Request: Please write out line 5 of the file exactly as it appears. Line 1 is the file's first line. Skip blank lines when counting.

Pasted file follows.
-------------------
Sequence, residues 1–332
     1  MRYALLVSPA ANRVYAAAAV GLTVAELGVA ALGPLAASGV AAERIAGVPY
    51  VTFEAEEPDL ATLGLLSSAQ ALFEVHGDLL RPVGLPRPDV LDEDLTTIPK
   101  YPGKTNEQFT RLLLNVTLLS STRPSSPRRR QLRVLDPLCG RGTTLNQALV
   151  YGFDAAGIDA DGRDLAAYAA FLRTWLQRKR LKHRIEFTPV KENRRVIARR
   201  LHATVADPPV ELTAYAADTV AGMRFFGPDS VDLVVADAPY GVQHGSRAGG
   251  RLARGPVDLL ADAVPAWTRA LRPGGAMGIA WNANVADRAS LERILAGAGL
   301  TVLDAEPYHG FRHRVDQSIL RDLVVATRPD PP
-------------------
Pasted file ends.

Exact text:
   151  YGFDAAGIDA DGRDLAAYAA FLRTWLQRKR LKHRIEFTPV KENRRVIARR